Did you hear about the stand-up comic who became the punchline?
In an Edinburgh Fringe tradition almost as longstanding as exorbitant hotel prices and passive-aggressive Cambridge undergraduates forcing sheafs of flyers into your hand, a single joke has been hailed as the funniest aired at this year’s festival.
Liverpool comedian Adam Rowe won the 11th annual iteration of the Dave’s Funniest Joke of the Fringe award, thanks to his line: “Working at the Jobcentre has to be a tense job – knowing that if you get fired, you still have to come in the next day.”
As has become customary during August in Edinburgh, which happily coincides with the silly season, the victor was asked to reflect on his triumphant joke, one of several whittled down into a shortlist by comedy critics before being voted on by the public.
And so a bleary eyed Mr Rowe dutifully clambered aboard the breaking news hamster wheel, giving a succession of radio and television interviews about his wisecrack.
Having asked Mr Rowe to repeat it in a deserted studio, the worst of his interrogators seemed hell-bent on establishing whether there was a scientific formula governing the art of being funny. The 26-year-old, to his credit, gave a reply imbued with scorn and politeness in equal measure.
The impression left was one of a talented young comedian in a state of bemusement and mild irritation at the obsession over a one-liner.
If so, his vexation is well placed. For all that the prize helps showcase lesser-known names tramping around the packed Edinburgh circuit, it is a reductive signifier which does a disservice to the agile minds and diverse routines gracing venues across the capital. Yes, there are awards for the best show and newcomer, but the funniest joke gong has monopolised the publicity, thanks in so small part to the way dreary office-bound wits feel obliged to share the shortlisted gags with their colleagues via email or, worse, read them aloud by the water cooler. You know the kind of people. You’re probably sat next to one as you read this, and if not, then I’m afraid I have some sobering news.
Such tilts at reflected glory are, in truth, a damning form of praise for the comedians who wrote the material in the first place. Constructing a brilliant joke is routinely sniffed at as a frivolous pursuit, when in fact it is an exacting craft. Once released into the wild, the fruits of such labour can take on a life of their own.
While Tim Vine’s ouevre may be snobbishly disparaged by those who regard as it as little more than a carnival act, the very best of his one-liners are a masterclass in taut, absurd economy. (“Exit signs,” he once remarked. “They’re on the way out, aren’t they?”).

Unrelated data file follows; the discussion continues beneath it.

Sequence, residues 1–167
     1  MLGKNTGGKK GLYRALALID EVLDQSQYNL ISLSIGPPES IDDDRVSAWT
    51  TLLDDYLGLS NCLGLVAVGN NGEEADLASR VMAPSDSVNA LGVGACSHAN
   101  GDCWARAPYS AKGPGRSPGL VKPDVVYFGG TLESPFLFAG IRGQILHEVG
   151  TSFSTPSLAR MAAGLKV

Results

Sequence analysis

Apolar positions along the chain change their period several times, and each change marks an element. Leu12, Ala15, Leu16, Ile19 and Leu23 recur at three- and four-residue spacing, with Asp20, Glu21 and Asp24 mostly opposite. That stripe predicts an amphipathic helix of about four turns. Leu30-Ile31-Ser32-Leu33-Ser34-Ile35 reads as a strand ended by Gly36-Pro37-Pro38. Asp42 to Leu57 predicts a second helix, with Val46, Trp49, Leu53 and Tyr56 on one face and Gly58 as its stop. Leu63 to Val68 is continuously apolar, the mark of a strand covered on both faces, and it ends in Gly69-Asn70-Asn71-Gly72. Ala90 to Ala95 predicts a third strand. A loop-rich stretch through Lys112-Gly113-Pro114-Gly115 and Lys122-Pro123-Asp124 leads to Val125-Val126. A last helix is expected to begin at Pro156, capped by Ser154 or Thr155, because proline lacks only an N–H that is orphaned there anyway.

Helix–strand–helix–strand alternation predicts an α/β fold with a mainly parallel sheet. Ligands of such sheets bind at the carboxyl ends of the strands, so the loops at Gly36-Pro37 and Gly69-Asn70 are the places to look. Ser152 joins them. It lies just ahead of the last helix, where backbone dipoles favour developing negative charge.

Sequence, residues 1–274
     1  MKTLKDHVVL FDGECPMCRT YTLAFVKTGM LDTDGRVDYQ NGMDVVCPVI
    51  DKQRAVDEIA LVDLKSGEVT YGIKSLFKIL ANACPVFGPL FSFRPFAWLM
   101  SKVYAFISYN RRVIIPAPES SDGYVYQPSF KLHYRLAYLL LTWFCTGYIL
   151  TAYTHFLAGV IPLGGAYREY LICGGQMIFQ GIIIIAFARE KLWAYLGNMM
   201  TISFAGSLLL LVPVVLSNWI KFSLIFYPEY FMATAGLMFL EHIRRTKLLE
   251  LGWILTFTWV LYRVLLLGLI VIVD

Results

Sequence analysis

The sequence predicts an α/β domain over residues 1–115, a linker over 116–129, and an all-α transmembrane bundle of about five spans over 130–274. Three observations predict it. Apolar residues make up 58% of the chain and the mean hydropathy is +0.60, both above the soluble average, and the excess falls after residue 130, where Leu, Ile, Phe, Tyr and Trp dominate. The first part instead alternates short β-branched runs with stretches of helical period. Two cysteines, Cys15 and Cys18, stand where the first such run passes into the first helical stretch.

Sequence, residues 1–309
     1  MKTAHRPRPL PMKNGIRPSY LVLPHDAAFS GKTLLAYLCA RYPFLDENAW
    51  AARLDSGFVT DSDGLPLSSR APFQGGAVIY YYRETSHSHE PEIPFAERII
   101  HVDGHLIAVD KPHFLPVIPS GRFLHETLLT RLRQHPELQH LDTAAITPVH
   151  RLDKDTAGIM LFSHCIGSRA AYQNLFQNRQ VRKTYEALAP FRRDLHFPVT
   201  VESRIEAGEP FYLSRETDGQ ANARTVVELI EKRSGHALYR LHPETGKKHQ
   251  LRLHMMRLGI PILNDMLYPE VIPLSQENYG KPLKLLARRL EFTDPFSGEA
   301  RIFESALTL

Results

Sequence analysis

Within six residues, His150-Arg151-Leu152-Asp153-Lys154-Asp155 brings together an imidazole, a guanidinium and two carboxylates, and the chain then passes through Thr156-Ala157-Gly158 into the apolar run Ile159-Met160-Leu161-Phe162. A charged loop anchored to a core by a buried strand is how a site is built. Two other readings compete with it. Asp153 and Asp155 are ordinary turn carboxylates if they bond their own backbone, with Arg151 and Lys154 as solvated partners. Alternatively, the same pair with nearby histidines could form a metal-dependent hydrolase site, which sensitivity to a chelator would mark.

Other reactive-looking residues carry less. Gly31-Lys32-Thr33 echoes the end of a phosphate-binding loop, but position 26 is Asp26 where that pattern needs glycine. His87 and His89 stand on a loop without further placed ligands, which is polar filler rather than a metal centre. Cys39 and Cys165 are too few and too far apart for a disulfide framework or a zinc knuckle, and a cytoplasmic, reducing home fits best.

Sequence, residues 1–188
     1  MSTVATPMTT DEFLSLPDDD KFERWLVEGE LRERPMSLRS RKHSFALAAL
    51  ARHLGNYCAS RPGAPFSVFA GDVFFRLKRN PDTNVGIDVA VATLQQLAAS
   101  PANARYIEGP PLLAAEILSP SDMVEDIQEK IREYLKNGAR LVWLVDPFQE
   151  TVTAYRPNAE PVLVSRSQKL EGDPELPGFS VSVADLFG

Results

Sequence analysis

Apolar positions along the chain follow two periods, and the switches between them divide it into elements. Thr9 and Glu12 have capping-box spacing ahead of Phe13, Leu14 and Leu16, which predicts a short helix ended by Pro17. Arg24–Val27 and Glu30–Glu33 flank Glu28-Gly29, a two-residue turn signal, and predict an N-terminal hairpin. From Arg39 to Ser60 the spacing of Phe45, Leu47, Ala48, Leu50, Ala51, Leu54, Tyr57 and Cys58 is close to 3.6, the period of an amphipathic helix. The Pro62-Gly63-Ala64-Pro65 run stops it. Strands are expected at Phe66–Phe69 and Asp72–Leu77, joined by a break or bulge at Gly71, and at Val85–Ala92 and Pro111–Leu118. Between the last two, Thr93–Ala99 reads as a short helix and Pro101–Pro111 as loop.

Similarly, Milton Jones once took it upon himself to construct an entire narrative for one stand-up show around one-liners. The result demonstrated the importance of lateral thinking and the use – and misuse – of language. Despite the self-imposed limitations of the format, he found ample opportunity to showcase some lines that were as thoughtful as they were hilarious. (“I come from a family of failed magicians,” went one. “I’ve got two half-sisters”).
And lest we forget the grandfather of the one-liner, Bob Monkhouse, a comic capable of combining directness, self-deprecation and playfulness in a single line (“They laughed when I said I was going to be a comedian. Well, they’re not laughing now”).
Yet to get the best out of these jokes, you have to be in the audience or, at the very least, watching a recording of the show. Vine’s laughs are generated not just by his wordplay, but the speed and rising, manic energy of his performance, while the jokes of Jones are enriched by knowing what came before. As for Monkhouse? The consumate ease and fluidity of his delivery almost charmed you into laughter by itself.
The problem with the Dave award is not that it celebrates clever one-liners, it is the way in which it robs them of their context, glibly reprinting them to leave you guessing about their rhythm and timing.
It also relegates to the periphery those comedians whose acts are not predicated on wordplay, puns, or waggery. Such a distinction is important, given this category has included some of the most talented stand-ups ever to grace a stage.
Take the late, great, Richard Pryor, whose repertoire and mannerisms evolved from an awkward Bill Cosby appreciation act into a freewheeling, unpredictable explosion of catharsis. He told jokes, but honesty, not humour, was what endeared him to millions the world over. The lines of his that resonated the most were the ones that served as codas to stories that laid bare his braggadocio as well as his vulnerability.
“When you’re on fire and runnin’ down the street, people get out of your way,” he told an audience at the Hollywood Palladium in 1981. The sentence doesn’t work in isolation, but armed with the knowledge that just six months before, Pryor set himself on fire in a desperate suicide attempt while freebasing cocaine, a distressing, remarkable pay off hits home.
Jokes are the most obvious weapon in a stand-up’s armoury, but there other devices which can cut deeper. So by all means, we should feel no guilt about enjoying impeccably honed and gleefully silly one-liners, but let’s lose our obsession with an arbitrary awards parade which homogenises the weird and wonderful world in comedy into a vaudeville chuckle contest.